Office of the Vice President for Global Communications

Friday, October 12, 2012

U-M pays tribute to the life and legacy of Betty Ford

Betty Ford was remembered Thursday as a feminist, a pioneer in breast cancer awareness and an advocate for addiction treatment.

From left, Michael Ford, Gayle Ford, President Mary Sue Coleman, Ford School Dean Susan Collins, Steven Ford and Susan Ford Bales. (Photo by Austin Thomason, Michigan Photography)  

But the late first lady, who died July 8, 2011, at age 93, also was a huge Michigan football fan. As her son Mike Ford told it at a tribute to her life and legacy, Mrs. Ford spent part of her honeymoon with the late President Gerald Ford at a Wolverine football game in 1948.

"Throughout their 58 years of marriage and public service, they traveled to Ann Arbor many times," he said. "Mom came to love the University of Michigan because she loved Jerry Ford, the son of the maize and blue."

The 90-minute tribute was sponsored by the Gerald R. Ford School for Public Policy. It included speeches from Nancy Brinker, a former U.S. Ambassador to Hungary and founder of Susan G. Komen for the Cure; Sanford Weill, former CEO and chairman of Citigroup; U-M President Mary Sue Coleman, and Ford School Dean Susan M. Collins.

    Above: Miki Orihara of the Martha Graham Dance Company performs at the tribute. At left: Nancy Brinker delivers the keynote speech. (Photos by Austin Thomason, Michigan Photography)

Brinker, who called Mrs. Ford a friend and mentor, said she attended the first fundraising event Brinker put together to find a cure for breast cancer in 1982 — a polo match in Dallas.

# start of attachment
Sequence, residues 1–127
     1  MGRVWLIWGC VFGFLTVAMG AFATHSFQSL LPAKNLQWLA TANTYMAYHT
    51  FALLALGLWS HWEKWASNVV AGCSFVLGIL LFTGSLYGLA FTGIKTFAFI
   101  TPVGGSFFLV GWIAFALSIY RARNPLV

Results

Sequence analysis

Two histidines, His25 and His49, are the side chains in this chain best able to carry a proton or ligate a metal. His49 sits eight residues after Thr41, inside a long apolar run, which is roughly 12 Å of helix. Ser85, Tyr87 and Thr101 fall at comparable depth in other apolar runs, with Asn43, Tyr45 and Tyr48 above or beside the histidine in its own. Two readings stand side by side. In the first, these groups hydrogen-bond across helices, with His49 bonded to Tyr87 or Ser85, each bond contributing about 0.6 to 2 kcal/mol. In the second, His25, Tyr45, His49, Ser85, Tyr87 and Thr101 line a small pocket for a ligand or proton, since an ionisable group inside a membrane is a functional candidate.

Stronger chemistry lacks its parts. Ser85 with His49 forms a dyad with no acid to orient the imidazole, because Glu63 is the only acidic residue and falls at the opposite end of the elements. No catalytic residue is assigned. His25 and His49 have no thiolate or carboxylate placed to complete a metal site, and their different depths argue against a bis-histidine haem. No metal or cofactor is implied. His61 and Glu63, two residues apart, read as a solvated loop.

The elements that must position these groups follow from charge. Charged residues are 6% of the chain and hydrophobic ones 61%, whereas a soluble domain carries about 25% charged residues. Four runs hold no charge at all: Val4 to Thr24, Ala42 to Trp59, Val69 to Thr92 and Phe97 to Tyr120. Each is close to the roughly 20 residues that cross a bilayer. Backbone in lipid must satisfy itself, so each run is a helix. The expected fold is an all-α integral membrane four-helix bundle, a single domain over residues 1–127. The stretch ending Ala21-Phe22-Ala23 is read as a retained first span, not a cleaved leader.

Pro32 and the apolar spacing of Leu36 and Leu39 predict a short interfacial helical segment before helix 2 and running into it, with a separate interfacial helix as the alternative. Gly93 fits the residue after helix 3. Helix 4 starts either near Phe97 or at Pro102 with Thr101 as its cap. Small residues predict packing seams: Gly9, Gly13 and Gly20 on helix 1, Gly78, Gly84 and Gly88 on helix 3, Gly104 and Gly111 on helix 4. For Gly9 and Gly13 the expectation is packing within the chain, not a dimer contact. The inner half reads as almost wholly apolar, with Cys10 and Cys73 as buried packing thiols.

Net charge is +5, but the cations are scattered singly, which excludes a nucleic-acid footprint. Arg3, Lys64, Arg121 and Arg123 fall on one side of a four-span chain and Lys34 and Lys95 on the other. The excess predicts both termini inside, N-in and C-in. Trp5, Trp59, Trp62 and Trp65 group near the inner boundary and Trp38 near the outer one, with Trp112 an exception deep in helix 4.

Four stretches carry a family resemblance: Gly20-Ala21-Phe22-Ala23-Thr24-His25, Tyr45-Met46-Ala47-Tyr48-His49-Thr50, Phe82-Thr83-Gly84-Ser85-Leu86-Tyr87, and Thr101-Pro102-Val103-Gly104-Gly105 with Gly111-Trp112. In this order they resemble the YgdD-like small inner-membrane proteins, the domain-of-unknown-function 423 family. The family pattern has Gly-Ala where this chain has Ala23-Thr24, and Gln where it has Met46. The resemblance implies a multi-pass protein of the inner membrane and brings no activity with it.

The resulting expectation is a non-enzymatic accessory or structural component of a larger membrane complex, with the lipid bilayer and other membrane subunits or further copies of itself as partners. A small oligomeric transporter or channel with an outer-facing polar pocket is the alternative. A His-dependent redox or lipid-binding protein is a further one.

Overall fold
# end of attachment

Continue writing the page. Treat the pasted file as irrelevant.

Her only question was: Would she have to ride a horse?

"Mrs. Ford didn't just lend her name, she lent her leadership, and one of my favorite quotes that guides me even to this day is fairly simple, which is that 'you never know what you can do until you have to do it,'" Brinker said.

Mrs. Ford, she said: "was an extraordinary leader for all women and for our country's culture, because she had the courage to stand up and challenge our society to think about important issues … to change things that were wrong."

Coleman, who considered Gerald and Betty Ford personal friends, said Mrs. Ford's frankness about breast cancer encouraged millions of women to see their doctors, perform monthly exams and get mammograms.

"Mrs. Ford elevated the visibility and awareness of women's roles in the world and their right to be treated as equals," she said.

Miki Orihara, a principal dancer at the Martha Graham Dance Company in New York, performed at the tribute a dance choreographed by Graham in the 1940s around the time that Mrs. Ford danced in her group.

The dance, called "Letter to the World," was based on a poem by Emily Dickinson.

"Even though this is an old piece and the style might be old with its politeness of movement, it is still relevant," Orihara said in an interview prior to her performance.

Orihara, who met the Fords in the late 1980s at a reception after a performance in California, said of the tribute: "I am just honored to be here and dancing."